• 29,000   is the number of kms that I have ridden this year
  • 500   is the number of kms that you need to ride to complete a Festive 500
  • 8 i  s the number of riding days for the Festive 500
  • 4   this is now the number of Festive 500s that I have completed

It’s been a rather splendid Rapha Festive 500.

Photos on Flickr

Kilometers Rich; Time Poor

 After last years trials and tribulations caused by a combination of getting sick and unknowingly wearing out my very essential orthotics, it’s been good to feel fit and healthy again. It wasn’t until a month or so ago, that I realised what an impact my soggy and ride weary carbon fibre orthotics had been making. They were the main reason for the back issues that I had suffered in Portugal and Australia. The new springy carbon fibre orthotics that were installed in November, had by May worked their magic. Riding up big hills now didn’t involve extended conversations with granny and the big ring on Casper again became the ring of preference for riding on flat and undulating ground. Riding became a joy again and resulted in lots of kilometres accumulating, but leaving me time poor for activities outside of turning the pedals and going to work. Hence the miles eater diary has been regularly fed but the blog has been on a rather low word diet.

Thus far the planned big rides have all worked out, even if the Israeli 1,000km brevet involved a nail biting finish with only 10 minutes to spare at the arrivee. The campaign to complete the Aigle d’Or has also been successful, with the final 1,900 audax kilometres being bagged in France and an autumn pizza party to look forward to with the Alsace 67 audax group. To keep things balanced, there is a second ACF R5000 award to claim. I’ve also taken Casper to meet the joys of the Welsh mountains on the Bryan Chapman 600 rando (my 9th edition). It was a splendid weekend a-wheel and I’m quite sure we’ll be back.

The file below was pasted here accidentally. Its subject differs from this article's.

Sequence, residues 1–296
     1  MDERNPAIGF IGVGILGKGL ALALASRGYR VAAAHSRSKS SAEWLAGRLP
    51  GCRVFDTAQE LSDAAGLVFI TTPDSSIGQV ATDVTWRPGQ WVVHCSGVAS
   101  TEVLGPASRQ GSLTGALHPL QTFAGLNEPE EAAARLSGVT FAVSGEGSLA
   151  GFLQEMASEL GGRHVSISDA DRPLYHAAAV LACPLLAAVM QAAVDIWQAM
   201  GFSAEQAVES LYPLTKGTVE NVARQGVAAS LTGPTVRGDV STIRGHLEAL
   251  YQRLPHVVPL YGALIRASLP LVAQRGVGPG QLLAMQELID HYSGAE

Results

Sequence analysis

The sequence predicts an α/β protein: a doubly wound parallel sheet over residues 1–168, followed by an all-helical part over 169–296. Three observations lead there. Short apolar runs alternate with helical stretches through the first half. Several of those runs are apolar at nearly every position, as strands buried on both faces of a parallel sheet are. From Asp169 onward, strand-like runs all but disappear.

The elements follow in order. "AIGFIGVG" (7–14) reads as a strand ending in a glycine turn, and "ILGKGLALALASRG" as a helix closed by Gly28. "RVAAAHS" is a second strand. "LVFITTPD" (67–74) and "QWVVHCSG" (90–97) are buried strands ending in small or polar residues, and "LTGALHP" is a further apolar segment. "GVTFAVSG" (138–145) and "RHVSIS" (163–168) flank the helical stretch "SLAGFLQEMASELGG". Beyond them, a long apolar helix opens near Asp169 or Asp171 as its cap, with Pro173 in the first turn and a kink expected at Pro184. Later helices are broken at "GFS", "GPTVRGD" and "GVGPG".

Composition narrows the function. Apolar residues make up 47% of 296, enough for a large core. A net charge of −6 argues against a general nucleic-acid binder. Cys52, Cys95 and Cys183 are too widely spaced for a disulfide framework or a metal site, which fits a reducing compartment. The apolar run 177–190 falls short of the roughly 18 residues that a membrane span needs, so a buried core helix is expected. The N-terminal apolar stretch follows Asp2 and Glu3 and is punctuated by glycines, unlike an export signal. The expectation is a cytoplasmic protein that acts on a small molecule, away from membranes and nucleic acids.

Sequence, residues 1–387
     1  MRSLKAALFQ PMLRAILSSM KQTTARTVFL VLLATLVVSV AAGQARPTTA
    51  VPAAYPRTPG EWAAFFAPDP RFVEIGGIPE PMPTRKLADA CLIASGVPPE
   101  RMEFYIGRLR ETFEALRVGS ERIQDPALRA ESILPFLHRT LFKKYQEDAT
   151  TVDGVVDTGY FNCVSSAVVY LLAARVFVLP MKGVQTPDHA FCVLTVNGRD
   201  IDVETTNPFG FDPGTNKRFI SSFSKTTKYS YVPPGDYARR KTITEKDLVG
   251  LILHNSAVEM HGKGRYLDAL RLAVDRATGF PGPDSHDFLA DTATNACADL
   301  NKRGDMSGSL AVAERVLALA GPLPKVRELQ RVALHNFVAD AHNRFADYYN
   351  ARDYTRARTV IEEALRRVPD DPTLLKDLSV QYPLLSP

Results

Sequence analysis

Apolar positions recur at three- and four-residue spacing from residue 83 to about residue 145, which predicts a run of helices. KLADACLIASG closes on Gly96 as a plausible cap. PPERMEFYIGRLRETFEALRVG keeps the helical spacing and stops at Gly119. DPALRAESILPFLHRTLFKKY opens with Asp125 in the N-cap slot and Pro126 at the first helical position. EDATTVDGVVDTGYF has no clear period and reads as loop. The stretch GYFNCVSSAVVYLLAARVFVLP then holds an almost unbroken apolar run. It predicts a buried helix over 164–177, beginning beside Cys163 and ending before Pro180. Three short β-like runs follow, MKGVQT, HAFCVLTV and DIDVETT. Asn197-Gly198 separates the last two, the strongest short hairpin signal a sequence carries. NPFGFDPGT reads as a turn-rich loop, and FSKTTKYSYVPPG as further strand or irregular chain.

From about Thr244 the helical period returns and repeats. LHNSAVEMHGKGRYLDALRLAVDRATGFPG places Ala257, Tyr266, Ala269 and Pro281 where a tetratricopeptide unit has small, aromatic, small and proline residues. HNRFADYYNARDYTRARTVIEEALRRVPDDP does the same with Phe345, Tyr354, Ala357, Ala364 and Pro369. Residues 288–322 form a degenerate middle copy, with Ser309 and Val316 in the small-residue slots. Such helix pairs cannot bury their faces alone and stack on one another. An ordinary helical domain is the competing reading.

Next on the menu is London Edinburgh London, which starts Sunday 28th July from Loughton, nr London. This will be my 3rd edition. Through no particular planning each edition has been ridden on a different bike, a Robert’s steel frame then an Enigma titanium frame. For this edition it will be Casper the Little White Moulton. There is no pre-planned schedule for this ride. Like all of my long brevets, I’m using the turn up and see how it goes approach. Riding like this has so far always produced a memorable and unexpected adventure within the structure of a randonnee. Hopefully the one thing missing from this LEL will be ‘weather’, particularly rain or cold, which have graced both previous LELs in unprecedented quantities.

As we speak, Casper the Little White Moulton and the Co-Pilot are poised to commence the next brevet adventure.

Mile Eater Diary – March 2012

March started with the weather gods suffering from some kind of delusion. They clearly thought it was April rather than March, so provided nearly two weeks of glorious sunshine and soft kindly breezes. However, in the run up to Easter, someone switched the sun off and it was back to the chilly temperatures of winter, accompanied on occasion with endless grey skies.

The Bike Butler had installed Scottie’s Alfine 11 speed hub and it was time to put this new and exciting technology (to me) to the test. The first spin to collect some groceries showed lots of promise, once you got used to a little more weight at the rear of the bike than with the old dérailleur set up. Working my way through MG’s utilitiare challenge meant that Scottie was called upon to perform more day-to-day tasks, including riding to work and eventually pulling the Gecko trailer fully loaded with groceries. He excelled at it, with his lovely new range of hub gears. Having now ridden him enough kms, Scottie is again a firm favourite for utility tasks, including commuting.

The first event in March was the South Bucks Chiltern Hills Brevet. Organiser Terry Lister, ensured that he didn’t get caught out under the trades description act with the ride constantly winding up and over the Chiltern Hills for 200km in glorious sunshine. The South Bucks DA did an excellent job of providing tea, cakes and savoury delights for many hungry cyclists on both the 200km and 100km as they passed in and out of the HQ in Great Kingshall.